Hello everybody! Well, just to let you all know that there is a new Question on the Facebook page.
It’s quite a different type of question this time around and asks you to consider if science has anything to offer in discussions about ‘good’ and ‘bad’, ‘right’ and ‘wrong’. Traditionally science has kept away from more abstract concepts such as this, but recently there has been something of a debate taking place.
Watch the video and have a discussion with your partners or, if you have problems contacting eachother, I would still be very interested in reading any comments you personally might like to make on the blog. I will write a transcript for the blog, so if you have problems watching it, you should still be able to understand the argument.
Please feel to email me (or Skype if I’m on-line).
I hope you enjoy thinking about this issue and genuinely look forward to reading/hearing your responses.
Transcript of the Question:
The Good, Bad and Science
This question starts by considering the type of questions we ask in science. Generally speaking, in experimental science, we tend tend to set up hypotheses. An hypothesis is a question, or sometimes a statement, that can be proved or disproved through experimentation. So, a question might be ‘how many leaves are there on a that tree?’ or ‘how many pebbles are there on that beach?’ These would give a definitive answer (in this case a number). A hypothesis would be ‘does the area of each leaf decrease with height up the tree?’ or ‘do the pebbles get smaller in size along the beach?’ The questions we ask and the hypotheses we formulate are of vital importance and are (and have been for over 100 years) one of the central features of modern science. We have come a long way using such an approach, but it has necessarily limited the type of question we ask. We tend to only ask questions that we stand a chance of being able to answer. Broader more conceptual concerns, such as what is ‘good’ and ‘bad’, or what is ‘right’ and ‘wrong’ tend to have been the preserve of theologians and philosophers.
However, recently there has been the emergence of a view that in fact science may have much to add to such debates and in fact the divide between science and philosophy and religion is artificial and meaningless. The primary argument is that our sense of what is right and wrong is based on empathetic projection. If we see someone who needs help, we go to their aid because we see ourselves in that situation. The argument is further enhanced by the view that such altruism stems from the evolutionary advantage of social groups (i.e. looking after each other helps the whole group). If this is the case what is ‘right’ is part of a psychological and physiological response and thereby can be better understood by bio-medical science than philosophers. In the extreme, whole moral constructs may have a biological and evolutionary origin and the argument goes that science is better placed to understand this than theologians.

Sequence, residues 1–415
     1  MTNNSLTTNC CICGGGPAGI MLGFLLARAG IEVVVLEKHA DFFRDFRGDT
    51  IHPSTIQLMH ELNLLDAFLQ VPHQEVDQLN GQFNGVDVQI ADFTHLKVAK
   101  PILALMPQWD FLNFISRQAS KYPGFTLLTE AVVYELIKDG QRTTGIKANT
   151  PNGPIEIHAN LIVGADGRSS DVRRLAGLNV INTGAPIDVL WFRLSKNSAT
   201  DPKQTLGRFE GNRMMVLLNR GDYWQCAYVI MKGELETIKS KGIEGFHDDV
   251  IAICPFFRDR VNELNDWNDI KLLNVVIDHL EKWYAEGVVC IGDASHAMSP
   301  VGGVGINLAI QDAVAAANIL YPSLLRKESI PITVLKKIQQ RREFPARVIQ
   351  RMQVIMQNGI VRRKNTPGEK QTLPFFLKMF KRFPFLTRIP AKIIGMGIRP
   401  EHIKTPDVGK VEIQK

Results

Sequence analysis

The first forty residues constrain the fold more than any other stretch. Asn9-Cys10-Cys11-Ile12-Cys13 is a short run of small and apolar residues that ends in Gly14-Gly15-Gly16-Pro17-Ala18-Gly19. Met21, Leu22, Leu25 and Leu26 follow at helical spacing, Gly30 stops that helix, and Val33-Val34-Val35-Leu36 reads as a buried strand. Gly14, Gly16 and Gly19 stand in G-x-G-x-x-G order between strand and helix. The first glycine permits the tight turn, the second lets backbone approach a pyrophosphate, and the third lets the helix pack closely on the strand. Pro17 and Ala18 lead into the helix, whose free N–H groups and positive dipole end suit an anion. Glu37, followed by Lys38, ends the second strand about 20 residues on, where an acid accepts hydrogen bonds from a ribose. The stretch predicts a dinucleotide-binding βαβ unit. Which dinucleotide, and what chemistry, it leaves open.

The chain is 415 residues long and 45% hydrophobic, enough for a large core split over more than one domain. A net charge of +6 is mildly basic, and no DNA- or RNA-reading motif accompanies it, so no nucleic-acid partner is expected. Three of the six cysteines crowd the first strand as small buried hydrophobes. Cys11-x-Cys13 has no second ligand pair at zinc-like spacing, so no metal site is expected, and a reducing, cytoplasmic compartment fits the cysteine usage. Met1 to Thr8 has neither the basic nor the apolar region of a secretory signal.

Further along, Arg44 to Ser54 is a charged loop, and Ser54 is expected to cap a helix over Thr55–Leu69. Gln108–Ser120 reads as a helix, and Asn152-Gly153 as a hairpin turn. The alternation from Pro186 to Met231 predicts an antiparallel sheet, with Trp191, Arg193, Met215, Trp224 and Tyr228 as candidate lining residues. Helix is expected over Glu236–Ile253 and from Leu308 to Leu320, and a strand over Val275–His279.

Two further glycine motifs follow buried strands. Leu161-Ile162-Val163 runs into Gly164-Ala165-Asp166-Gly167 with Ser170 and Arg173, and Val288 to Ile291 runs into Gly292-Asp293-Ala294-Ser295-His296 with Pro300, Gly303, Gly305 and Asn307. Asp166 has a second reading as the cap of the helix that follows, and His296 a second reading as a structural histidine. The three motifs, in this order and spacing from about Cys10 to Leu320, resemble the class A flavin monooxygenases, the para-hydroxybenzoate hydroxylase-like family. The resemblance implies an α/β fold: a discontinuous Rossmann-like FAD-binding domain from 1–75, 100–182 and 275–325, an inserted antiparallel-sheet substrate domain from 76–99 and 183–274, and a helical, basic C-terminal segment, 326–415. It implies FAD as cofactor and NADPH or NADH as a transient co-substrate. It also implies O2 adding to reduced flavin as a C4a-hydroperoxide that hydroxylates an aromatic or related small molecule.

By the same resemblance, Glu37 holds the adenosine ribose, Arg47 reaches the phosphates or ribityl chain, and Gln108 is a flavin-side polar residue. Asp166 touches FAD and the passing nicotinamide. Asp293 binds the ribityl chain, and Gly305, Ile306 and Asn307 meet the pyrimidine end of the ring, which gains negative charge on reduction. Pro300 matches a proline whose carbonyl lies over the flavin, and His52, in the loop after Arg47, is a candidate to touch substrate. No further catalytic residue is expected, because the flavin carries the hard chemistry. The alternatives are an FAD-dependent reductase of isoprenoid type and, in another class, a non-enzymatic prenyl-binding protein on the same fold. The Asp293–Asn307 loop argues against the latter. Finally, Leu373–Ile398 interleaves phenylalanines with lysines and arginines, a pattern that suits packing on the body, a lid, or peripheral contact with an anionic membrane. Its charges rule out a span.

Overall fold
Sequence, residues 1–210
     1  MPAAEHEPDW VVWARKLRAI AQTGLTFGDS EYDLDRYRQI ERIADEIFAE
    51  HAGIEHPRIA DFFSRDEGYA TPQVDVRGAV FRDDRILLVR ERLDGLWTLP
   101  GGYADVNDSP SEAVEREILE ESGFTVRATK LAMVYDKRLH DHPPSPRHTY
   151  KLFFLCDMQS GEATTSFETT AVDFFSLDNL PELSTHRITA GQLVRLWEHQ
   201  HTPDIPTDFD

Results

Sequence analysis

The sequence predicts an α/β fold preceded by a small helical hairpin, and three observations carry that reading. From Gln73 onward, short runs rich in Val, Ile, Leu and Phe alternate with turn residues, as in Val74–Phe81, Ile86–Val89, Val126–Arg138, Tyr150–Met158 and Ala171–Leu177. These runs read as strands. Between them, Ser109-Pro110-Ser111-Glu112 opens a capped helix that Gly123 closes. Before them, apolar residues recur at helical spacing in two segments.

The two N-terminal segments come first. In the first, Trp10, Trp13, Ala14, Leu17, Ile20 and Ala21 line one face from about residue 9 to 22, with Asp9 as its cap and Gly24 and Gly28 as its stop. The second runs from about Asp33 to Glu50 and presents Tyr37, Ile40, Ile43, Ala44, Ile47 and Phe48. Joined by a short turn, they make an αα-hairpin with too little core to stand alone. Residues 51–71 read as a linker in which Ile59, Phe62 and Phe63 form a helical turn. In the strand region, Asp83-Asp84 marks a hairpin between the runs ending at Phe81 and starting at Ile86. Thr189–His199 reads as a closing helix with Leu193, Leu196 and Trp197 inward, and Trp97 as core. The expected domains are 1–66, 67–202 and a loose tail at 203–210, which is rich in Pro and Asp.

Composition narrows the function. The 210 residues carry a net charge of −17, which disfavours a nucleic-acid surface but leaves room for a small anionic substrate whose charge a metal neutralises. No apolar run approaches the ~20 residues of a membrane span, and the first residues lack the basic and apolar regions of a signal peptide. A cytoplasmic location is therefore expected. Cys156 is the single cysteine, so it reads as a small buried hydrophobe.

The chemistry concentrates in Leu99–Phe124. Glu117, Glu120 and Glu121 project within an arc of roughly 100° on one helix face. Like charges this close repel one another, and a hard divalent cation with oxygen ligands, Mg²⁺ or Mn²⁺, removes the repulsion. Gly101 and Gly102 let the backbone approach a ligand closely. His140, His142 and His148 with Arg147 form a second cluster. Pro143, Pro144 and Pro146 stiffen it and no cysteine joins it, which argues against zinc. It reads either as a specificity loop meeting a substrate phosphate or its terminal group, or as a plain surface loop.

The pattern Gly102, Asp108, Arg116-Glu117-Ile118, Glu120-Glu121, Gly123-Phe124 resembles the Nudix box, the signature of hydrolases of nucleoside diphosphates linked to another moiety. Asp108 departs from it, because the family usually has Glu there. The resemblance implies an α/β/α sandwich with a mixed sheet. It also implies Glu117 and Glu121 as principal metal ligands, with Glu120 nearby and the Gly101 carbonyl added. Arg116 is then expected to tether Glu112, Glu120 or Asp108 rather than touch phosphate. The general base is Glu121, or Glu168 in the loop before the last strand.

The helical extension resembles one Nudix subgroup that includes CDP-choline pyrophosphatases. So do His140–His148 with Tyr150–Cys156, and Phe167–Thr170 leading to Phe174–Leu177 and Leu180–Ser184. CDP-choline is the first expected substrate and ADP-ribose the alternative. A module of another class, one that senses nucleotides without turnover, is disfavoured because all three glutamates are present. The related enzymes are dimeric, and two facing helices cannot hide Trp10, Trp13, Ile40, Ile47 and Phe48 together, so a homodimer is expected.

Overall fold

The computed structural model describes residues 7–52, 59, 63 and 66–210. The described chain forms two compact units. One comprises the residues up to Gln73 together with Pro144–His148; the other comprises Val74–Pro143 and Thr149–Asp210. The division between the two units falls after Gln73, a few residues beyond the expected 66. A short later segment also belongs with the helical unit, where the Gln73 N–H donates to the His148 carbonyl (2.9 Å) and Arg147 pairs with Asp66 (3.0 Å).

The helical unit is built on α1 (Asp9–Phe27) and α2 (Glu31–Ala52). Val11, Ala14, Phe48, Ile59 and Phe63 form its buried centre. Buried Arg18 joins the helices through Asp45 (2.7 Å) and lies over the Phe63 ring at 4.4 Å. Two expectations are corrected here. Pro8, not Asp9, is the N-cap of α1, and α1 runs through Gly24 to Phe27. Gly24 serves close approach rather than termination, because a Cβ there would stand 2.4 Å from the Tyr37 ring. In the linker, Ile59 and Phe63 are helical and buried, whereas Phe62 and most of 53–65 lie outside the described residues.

This is highly controversial and will, no doubt, cause significant debate. What do you think? Can we understand morals and concepts such as right and wrong through science? Or can we only understand such concepts at deeper levels of thought and even spiritual engagement that science cannot provide.
It’s a really difficult question this time around and I hope you enjoy thinking and talking about it. If you wish to email me or contact me through Skype, please do so.
You’ll find the video at
Or click on the Project Facebook Page link on the right hand side.